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How to Approach Getting Insurance Coverage for a Trans Surgery

Trans person working on laptop

The task of approaching your insurance company about your gender-affirming surgery can seem like an overwhelming task. There is so much jargon and industry-specific language that sometimes it can feel like they’re trying to keep you in the dark. You’re not alone – unfortunately, almost all trans folks who try to get insurance coverage for their trans-related procedures face these same challenges. By asking the right questions, you’ll have a better understanding of exactly how you can fight for the coverage you need.

You’ll want to start with your surgeon. There is a lot of information on the insurance side that’s dependent on how the surgeon will bill the procedure to your insurance company.

Questions to ask your surgeon:

First, you’ll want to check that they plan to/are able to bill your insurance.

  • If they don’t plan to bill your insurance, you’ll still want to get the rest of the information below. There may be a way for you to submit the charges to your insurance yourself and be reimbursed for at least some of the charges.
  • You’ll also want to ask, if they do not plan to bill your insurance, if they’ll still be willing to submit a prior authorization on your behalf, if required.

What CPT/HCPCS (pronounced "hick-pick") codes do they plan to bill for your procedure?

  • There are typically a few codes. These codes are usually 5 numeric digits, occasionally with a modifier afterwards. For example, one of the more common codes used for a trans masculine top surgery is 19303 (Mastectomy, simple, complete), with the modifier 50 to indicate that it would be performed bilaterally, or on both sides.

What ICD-10 diagnosis codes do they plan to bill for the procedure?

  • This is something that they or you may need to contact your therapist about. ICD-10 Diagnosis codes are a letter, with a few numbers after. For example, F64.9 Gender identity disorder, unspecified.
  • If the code they give you is all numeric, such as 302.85: Gender identity disorder in adolescents or adults, they’ve given you an older code which stopped being used in October of 2015. Using an ICD-9 code may delay the process, so be sure your code is an ICD-10 Code.


Questions to ask your insurance provider:

Next, you’ll want to contact the member services department of your insurance. Their phone number should be on the back of your insurance card. Be prepared to confirm any of the following: your name, as they have it on their records, address, phone number, ID number or insurance ID.

"Is CPT/HCPCS code ___ a covered service for diagnosis code ___?"

  • If No:
  1. What is the appeals/exceptions process?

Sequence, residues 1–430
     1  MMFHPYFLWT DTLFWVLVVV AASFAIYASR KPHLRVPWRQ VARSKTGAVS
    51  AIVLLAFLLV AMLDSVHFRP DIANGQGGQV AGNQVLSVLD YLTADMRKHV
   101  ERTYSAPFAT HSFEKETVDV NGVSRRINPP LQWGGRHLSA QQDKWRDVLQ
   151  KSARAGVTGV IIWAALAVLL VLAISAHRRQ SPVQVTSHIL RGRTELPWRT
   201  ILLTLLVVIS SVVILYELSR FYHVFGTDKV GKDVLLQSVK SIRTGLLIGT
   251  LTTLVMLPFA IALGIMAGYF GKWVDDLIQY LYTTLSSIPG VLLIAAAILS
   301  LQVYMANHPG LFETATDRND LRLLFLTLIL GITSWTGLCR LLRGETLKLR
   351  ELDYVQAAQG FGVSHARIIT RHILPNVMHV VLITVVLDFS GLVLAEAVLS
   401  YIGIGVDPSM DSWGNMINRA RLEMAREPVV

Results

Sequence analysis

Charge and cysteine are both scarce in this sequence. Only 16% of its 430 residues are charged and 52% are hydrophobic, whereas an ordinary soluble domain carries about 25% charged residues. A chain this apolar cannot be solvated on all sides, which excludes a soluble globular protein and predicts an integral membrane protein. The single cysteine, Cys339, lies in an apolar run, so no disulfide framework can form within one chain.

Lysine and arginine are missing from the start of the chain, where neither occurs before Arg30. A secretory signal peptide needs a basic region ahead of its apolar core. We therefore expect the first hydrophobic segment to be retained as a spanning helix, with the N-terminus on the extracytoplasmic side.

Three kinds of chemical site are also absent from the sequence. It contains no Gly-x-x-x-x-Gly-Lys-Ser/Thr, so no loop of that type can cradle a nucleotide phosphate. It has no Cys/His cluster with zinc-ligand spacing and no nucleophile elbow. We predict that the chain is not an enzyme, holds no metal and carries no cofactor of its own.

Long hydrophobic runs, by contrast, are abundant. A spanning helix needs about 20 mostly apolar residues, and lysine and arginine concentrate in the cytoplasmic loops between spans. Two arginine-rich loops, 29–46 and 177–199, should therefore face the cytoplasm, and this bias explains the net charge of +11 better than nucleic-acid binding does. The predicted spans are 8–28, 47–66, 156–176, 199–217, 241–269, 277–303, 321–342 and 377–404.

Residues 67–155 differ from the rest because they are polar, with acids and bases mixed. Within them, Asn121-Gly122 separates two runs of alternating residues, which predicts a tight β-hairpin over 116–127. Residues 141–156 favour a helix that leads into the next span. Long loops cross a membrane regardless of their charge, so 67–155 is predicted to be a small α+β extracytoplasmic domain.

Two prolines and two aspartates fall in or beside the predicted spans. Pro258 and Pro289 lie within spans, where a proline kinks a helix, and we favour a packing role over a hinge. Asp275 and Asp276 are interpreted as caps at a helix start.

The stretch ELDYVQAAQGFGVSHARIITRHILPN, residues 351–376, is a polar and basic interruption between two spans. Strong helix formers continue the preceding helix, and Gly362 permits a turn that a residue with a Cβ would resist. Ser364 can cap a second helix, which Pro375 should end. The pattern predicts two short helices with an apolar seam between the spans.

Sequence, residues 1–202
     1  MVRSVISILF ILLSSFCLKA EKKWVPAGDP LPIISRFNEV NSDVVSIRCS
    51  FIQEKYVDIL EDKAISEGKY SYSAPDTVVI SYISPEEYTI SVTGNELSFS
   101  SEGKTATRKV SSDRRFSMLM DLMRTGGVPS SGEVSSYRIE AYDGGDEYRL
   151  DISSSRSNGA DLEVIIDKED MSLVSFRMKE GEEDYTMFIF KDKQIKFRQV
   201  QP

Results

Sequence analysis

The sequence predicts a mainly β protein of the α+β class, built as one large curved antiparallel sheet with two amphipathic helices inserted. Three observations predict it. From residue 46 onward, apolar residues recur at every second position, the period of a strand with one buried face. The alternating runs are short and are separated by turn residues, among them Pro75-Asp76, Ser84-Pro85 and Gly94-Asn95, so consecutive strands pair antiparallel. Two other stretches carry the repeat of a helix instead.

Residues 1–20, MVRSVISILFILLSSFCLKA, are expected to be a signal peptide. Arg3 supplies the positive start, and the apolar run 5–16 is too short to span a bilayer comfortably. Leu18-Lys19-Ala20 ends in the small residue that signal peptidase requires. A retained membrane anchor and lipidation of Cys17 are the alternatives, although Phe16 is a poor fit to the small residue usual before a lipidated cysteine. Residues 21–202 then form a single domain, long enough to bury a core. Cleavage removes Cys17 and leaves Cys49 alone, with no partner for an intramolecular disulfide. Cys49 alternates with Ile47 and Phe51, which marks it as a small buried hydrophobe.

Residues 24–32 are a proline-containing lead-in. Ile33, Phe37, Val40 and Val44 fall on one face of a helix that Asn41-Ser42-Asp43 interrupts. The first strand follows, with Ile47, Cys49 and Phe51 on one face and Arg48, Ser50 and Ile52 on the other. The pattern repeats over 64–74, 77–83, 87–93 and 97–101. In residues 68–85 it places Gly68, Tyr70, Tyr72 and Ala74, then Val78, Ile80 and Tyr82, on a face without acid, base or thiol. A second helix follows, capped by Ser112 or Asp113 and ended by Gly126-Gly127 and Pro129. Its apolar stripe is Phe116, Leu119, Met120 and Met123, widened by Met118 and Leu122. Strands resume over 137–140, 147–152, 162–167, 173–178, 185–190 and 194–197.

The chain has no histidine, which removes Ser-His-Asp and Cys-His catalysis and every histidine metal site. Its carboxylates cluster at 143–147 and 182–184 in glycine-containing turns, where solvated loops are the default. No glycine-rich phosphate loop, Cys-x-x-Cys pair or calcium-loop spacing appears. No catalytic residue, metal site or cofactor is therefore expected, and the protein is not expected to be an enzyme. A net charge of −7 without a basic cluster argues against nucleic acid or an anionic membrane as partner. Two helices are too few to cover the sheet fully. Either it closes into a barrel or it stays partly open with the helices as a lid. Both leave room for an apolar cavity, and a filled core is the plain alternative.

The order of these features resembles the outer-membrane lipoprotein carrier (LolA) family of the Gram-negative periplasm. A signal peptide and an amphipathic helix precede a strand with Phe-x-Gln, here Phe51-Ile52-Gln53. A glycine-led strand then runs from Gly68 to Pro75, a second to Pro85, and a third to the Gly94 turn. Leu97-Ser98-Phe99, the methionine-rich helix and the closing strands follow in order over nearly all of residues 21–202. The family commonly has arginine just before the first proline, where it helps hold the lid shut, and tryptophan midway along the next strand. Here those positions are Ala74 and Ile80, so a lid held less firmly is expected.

2. How do you file an appeal?
  3. How long will that take?
  4. How will you be notified of the result?
  • If Yes:
  1. Is a prior authorization required?
  2. What is the criteria for approval? (Ask them to email you the policy statement – it typically includes all of the information that you need to get to them in order for them to approve the procedure).
  3. How long will that take to process your PA once they receive it from the surgeon.
  4. How will you be notified of the result?
  5. What is your deductible/max out of pocket/copays?

If your surgeon does not plan to bill the procedure, you’ll also want to ask if you can submit claims on your own for reimbursement.

  1. What documentation will you need to submit to them to have the claim paid?
  2. Where should you send documentation?
  3. If the claims are paid, how long will it take for you to receive reimbursement?
  4. How will the reimbursement be paid?

With these questions answered, you’ll be better prepared to handle the process of navigating your medical coverage and having your gender-affirming surgery covered.

If you get stuck

If you find you’re getting stuck at a particular step or don’t know where to go next, there are resources available to assist you.

Contact your insurance company and request a supervisor:  they’re usually more knowledgeable about the ins and outs of your plan and may be able to help untangle a problem on the insurance side.

Still stuck? Contact your surgeon’s office: they work with insurance companies and medical coding daily and should be able to help navigate any issues. If you’re having your surgery through a hospital, many hospitals have a patient care coordinator on staff and part their job is to help you navigate the insurance and billing process. They’re often quite knowledgeable about tips and tricks to get your coverage unlocked.

In the end, remember that you are your own biggest advocate. Don’t be afraid to call and ask as many questions as you need because your health and well-being are your responsibility and no one knows you better than you.